There will be other issues where we can come to help and support. We can influence, we do not need to run it ourselves as a single waste authority, but they need to take the steps if they are serious about a Green New Deal. It is a positive step forward about that. I remember colleagues of the Assembly, if I can mention Brian Coleman [former Assembly Member] many years ago and he was totally against this and then came round to supporting it, partly because of the arguments of what it meant at that particular time. It is now an imperative, the issues like that that need to be addressed. We have the time to do it. It very much goes along with the colleague of working towards the next nine years. It seems essential in terms of our economic recovery that we start to raise these debates.
There is some good news, Len, you are getting geographical partnerships within councils in some parts of London. You are getting some of this happening almost by osmosis, rather than by somebody saying, “You know what, shouldn’t we just …” I am more than happy to have the discussion. What I would not want is a bun fight.
I agree. You do not have time for that. We need to just focus on the evidence and see where people are going. Could I just move on very quickly to training needs that we have identified around London’s green economy? London has always been a training centre at different levels. Colleges and universities that are doing the research and are training the next generation of people to take some of these jobs on. Is that an ambition of yours that London should be part of that centre and should that be shared by the Government; then take it nationally across all the university sectors and training providers at different levels? Where does that fit in terms of some of that? I have read some of the Green New Deal. I get some of it, but are you committed to that? Is that where you want to take it and with those partners? I know you are not in control of the sector completely. We have one aspect of where we can seriously influence it, but where are we going to try and drag the others into this debate of where we should be, particularly about where London should position that university sector and that other training providers sector?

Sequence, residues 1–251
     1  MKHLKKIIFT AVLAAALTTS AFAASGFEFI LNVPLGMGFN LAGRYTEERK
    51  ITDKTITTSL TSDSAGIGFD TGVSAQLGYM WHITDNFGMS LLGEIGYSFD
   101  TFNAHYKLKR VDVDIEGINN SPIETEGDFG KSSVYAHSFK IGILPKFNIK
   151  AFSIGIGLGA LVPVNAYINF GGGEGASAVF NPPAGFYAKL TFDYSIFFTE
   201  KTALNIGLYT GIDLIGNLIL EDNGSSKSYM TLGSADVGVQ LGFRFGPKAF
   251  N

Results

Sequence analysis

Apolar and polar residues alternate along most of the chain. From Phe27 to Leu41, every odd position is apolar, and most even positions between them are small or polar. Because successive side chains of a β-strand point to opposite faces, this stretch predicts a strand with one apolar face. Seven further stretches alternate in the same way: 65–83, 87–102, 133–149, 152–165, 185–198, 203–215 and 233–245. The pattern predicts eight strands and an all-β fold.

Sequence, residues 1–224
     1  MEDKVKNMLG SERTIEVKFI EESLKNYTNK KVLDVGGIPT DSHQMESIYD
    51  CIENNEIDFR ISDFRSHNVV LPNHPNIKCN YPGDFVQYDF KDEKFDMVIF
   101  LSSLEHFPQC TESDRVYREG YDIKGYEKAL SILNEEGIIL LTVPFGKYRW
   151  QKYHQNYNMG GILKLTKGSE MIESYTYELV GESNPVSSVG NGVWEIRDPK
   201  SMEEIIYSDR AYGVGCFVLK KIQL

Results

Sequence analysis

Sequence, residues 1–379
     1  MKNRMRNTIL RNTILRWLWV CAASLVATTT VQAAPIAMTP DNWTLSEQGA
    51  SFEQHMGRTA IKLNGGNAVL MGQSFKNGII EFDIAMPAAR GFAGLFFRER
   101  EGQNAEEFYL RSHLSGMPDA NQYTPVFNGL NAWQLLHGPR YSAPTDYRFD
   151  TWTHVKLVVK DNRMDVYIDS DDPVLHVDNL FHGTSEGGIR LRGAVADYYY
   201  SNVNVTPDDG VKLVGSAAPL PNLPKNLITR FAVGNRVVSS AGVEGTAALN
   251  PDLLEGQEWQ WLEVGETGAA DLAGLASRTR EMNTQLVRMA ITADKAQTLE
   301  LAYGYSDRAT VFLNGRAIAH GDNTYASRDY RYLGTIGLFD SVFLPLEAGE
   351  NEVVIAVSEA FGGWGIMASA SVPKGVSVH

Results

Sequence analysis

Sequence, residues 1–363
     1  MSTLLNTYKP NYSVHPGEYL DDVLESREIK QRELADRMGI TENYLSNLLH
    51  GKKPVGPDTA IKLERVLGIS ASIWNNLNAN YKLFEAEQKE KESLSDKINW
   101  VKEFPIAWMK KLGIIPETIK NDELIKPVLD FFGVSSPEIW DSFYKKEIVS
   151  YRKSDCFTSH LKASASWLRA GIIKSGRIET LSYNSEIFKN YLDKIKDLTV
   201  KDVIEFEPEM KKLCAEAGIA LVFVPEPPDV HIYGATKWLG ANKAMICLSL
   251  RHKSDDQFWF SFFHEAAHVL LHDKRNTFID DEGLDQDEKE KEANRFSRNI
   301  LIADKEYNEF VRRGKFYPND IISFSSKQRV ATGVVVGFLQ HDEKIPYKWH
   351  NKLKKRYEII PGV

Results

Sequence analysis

Absolutely that is our ambition. It has to be our ambition. In the last five years our reputation around the world has grown hugely in this area. The number of green jobs in the small, medium and big companies is going in the right direction and people are excited to start a business in London or expand it and also to provide funding. The number of Asian investors who want to come here is fantastic. We are also working with the private sector around finance, around green infrastructure. The key thing though is to make sure that Londoners benefit from the jobs and monies that have been generated here. That is why the academies work is so important. If we are honest, there have been examples in the past where we have been world leaders in sectors where Londoners have not benefitted from the fruits of that. This is a really good opportunity for us to plan now to make sure we have the expertise for the jobs going forward. Retrofitting is the game-changer for reducing carbon emissions and it creates jobs as well, well paid jobs, going forward. That is one part of the equation. What about carbon capture? What about making sure that we can have things like fintech going forward? There are so many things we can be doing. The good news is a lot of new starts in London are already doing this and we think we can support them, not just be to be an incubator, but to be an accelerator and export those skills overseas. Our future over the next century has got to be in future-proof jobs and green is one of them.